IASB's limited amendments to IFRS 9 welcomed
Proposed changes minimal as IFRS 9 is "fundamentally sound"
By Gaurav Sharma | CFO UK | Published 18:12, 30 November 12
IASB proposals for limited amendments to international accounting rules governing classification and measurement requirements of financial instruments have been broadly welcomed by the industry.
Its exposure draft, left open for comment until 28 March 2013, introduced a new measurement category for financial assets that are managed both in order to collect contractual cash flows and for sale such as some bond investment portfolios accompanied with the introduction of a fair value through other comprehensive income (FVOCI) measurement category for the debt instruments that would be based on an entity's commercial model.
Some monetary assets that an entity previously hoped to measure at amortised cost under the existing IFRS 9 model may have to be classified in this new category under the amended proposals. This could increase volatility in reported equity and regulatory capital for financial institutions.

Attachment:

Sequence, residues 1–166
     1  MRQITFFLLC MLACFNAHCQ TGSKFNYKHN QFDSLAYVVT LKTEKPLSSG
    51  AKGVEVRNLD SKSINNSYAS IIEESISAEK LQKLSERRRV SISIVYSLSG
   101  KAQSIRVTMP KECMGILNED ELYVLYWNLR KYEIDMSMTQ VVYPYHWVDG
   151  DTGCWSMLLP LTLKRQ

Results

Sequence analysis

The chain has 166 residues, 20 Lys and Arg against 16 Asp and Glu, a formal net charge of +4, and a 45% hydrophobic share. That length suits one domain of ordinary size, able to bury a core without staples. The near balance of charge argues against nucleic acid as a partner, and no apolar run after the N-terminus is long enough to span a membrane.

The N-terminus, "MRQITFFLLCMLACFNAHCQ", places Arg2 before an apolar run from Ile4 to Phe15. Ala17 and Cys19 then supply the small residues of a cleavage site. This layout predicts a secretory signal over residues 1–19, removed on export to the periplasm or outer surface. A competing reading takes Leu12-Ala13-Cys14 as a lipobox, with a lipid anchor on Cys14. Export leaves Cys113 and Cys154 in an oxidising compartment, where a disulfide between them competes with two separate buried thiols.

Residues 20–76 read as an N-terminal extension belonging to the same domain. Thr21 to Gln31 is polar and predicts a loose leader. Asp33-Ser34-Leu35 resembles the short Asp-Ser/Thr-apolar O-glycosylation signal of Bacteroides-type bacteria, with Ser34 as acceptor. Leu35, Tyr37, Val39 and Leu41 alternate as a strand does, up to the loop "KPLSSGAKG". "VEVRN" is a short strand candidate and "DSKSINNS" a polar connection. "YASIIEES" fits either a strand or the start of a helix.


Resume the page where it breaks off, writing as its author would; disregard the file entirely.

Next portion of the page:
The IASB said on Thursday that the changes had been kept to a minimum because IFRS 9 was "fundamentally sound"; more so as some entities have already prepared to adopt or in some cases already adopted the standard’s previously published version.
The new proposals emerged earlier this week as part of a wider initiative with US peer FASB. Commenting on the move, Hans Hoogervorst, chairman of the IASB, said, "We were clear when IFRS 9 was introduced in 2009 that it would be necessary to consider revisiting the interaction between IFRS 9 and the insurance contracts project once the insurance contract model was developed sufficiently."
"In addition, this limited-scope review has given us an opportunity to propose aligning IFRS and US GAAP more closely, in this important area of financial reporting," he added.
The big four accounting firms have broadly welcomed the IASB move aimed at reducing differences with the FASB's model and a step towards completing its plan to reform financial instruments accounting under IFRS.
Andrew Vials, global IFRS Financial Instruments leader at KPMG, felt that banks, insurance companies and other financial institutions are most likely to be affected by the proposed changes.
"Some entities will expect an overall reduction in profit and loss (P&L) volatility, although for others volatility in equity and regulatory capital may increase. It was good to see the IASB and the FASB working together on developing common principles in this area. Let’s hope that they can follow that through in terms of finalising the detail that will govern how the new requirements are actually applied in practice," he added.
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